Going Viral: Last month, illness related absences reached an all time high in one of the worst flu seasons to date


Illustration by Nicole Kim/Chronicle

Danielle Spitz

It wasn’t until she couldn’t stand up without getting a headache that Alyse Tran ’18 finally decided she was too sick to come to school. She had endured three days of body aches to avoid missing class, but eventually her flu symptoms became too debilitating to ignore.

“I had a lot of tests and labs due so I definitely felt pressured to come to school even though I was sick,” Tran said. “Finally my parents made me stay home. I didn’t even want to stay home but my parents made me.”

This year’s flu season is the most widespread since the Centers for Disease Control started surveilling the viral infection 13 years ago. While there is no official tally, schools in at least 12 states have reported closures of a day or more due to the spread of the illness among students and faculty. 63 children have died from the flu this year as of press time and hospitalization rates continue to rise, rivaling those of the 2014-2015 season, which saw 148 pediatric deaths and was one of the most severe in recent years. 

This past month set the record for highest number of absences due to illness for the month of January in the school’s history, according to upper school student discipline and attendance coordinator Gabriel Preciado. A total of2,794 absences due to illness were reported in January, close to the 2,841 that were reported in October of 2009, when the swine flu broke out.

In a Chronicle poll of 263 students, 27 percent said they had the flu this year.

The predominant strain of the flu this year is H3N2, which pediatrician Deborah Rubin said is particularly virulent.

“The vaccine is not as good of a match for that particular strain this year, so the virus can mutate and it can tend to have the vaccine be less effective and therefore more flu gets spread around,” Rubin said.

However, the CDC still recommends a yearly injectable flu vaccine as the most crucial form of prevention against flu viruses, pointing to recent studies that show that the vaccine reduces the risk of flu illness by about 40 to 60 percent among the overall population during seasons when most circulating flu viruses are like the vaccine viruses. The recommendation to not use the nasal spray flu vaccine was renewed for the second year.

“The vaccine still can be helpful because, first of all, it protects against other strains of influenza because there is more than one strain going around, and it can confer partial immunity so that even if you catch the flu after you got the flu shot, it probably won’t be nearly as bad,” Rubin said.

Tran said she usually gets the flu shot but didn’t get around to it this year. Many other students who responded to the poll also did not get the vaccine, with 53 percent of respondents saying that they did not receive the flu shot this year.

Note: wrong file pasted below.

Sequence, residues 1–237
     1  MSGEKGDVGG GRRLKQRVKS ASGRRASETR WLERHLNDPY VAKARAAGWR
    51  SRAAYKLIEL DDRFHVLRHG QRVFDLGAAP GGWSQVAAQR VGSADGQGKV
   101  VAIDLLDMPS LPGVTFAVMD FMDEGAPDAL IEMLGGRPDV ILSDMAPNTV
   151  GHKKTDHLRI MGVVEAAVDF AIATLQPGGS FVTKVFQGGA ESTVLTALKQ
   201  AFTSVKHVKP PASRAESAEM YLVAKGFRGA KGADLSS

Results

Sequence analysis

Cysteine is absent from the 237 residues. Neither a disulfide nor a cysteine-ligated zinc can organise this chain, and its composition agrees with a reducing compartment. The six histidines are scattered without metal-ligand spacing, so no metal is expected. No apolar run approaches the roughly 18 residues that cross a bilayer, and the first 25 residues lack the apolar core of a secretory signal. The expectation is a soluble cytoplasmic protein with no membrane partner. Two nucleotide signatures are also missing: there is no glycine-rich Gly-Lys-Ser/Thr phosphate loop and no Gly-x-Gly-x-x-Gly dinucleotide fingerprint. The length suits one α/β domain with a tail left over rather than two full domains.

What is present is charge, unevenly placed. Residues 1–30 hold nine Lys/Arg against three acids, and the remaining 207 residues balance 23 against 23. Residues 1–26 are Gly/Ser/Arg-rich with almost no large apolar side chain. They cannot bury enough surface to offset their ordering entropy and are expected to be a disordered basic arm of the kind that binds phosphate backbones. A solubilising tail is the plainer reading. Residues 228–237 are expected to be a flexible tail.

Even though he planned on getting vaccinated like he does every year, Jack Riley ’19 got the flu before he had the chance. Riley missed two days of school due to illness and said being sick this year convinced him to get the flu shot more consistently in the future.

“I’ve definitely had the flu in the past, but not as bad as it was this time,” Riley said. “This time, on one of the days, I was close to a 103 degree fever.”

To differentiate between a regular cold and the flu, Rubin said the hallmarks of the flu are high fevers, body aches and significant coughing.

Although the school has seen an increase in students and faculty with the flu, the cases have been well-managed due to the school’s health campaign that started this fall, community health officer Milo Sini said. With emails sent out to the school community and messages posted on ‘wolverscreens’ around campus, Sini aims to educate students, faculty and staff on proper precautions to prevent contracting the flu.

The campaign reminds community members to be diligent about washing their hands, avoid sharing personal items with others and staying home for at least 24 hours if any symptoms are present.

“Everyone has to do their part,” Sini said. “With an epidemic, it takes everyone. So if you are sick, stay home. My advice to students who feel pressured is communicate with your teachers. Just because you’re home sick doesn’t mean that you can’t be doing work.”

Sirus Wheaton ’19 said he did not receive the flu vaccine this year but did his best to prevent getting sick through other precautions. Wheaton eventually contracted the flu and had to miss one day of school.

“I use hand sanitizer all the time and I try to not touch people, but then people would cough on me on purpose as a joke and it definitely got me sick,” Wheaton said.

The school offers the flu vaccine to faculty and staff during the health fair at the beginning of the year. However, history teacher Dave Waterhouse, who had the flu this year, did not receive the flu vaccine.

“My doctor told me that it only prevented about 10 percent of the flu germs,” Waterhouse said. “I so rarely get it that I don’t even think about it.”

Before being out sick for two days this year, Waterhouse said he had not missed school due to illness in about 9 years. Even after he came back to school, he said he had to sit down during class because standing up for too long made him feel dizzy.

Although he’s had the flu in the past, Waterhouse said this year’s sickness was strong enough to defeat his “iron stomach.”

While timing of the flu season is unpredictable and can vary every year, flu activity typically peaks between December and February, according to CDC. But even if flu activity peaks soon, patterns from past seasons dominated by the H3N2 strain indicate that there may be many more weeks of flu activity.